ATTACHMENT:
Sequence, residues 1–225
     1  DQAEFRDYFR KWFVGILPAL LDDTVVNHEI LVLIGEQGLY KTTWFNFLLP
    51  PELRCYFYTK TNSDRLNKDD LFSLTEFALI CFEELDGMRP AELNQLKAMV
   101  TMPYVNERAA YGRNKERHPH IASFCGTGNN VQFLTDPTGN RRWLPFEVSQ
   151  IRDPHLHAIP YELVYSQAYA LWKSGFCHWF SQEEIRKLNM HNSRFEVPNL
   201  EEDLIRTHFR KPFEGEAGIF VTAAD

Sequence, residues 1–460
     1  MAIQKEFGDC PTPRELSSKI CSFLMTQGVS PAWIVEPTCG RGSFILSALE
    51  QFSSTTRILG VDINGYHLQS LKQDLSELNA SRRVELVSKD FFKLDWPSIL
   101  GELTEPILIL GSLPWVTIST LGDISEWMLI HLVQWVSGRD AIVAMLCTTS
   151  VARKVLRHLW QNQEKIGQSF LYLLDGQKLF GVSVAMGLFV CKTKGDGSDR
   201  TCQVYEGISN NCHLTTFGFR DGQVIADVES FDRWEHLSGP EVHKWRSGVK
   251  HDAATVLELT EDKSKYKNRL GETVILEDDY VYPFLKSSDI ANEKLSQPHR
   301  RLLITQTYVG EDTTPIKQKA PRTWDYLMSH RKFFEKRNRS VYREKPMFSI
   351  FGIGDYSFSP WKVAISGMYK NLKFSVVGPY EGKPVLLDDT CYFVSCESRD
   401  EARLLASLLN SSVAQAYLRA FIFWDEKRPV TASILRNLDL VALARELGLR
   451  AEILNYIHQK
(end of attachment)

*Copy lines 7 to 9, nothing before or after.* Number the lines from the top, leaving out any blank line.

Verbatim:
Sequence, residues 1–460
     1  MAIQKEFGDC PTPRELSSKI CSFLMTQGVS PAWIVEPTCG RGSFILSALE
    51  QFSSTTRILG VDINGYHLQS LKQDLSELNA SRRVELVSKD FFKLDWPSIL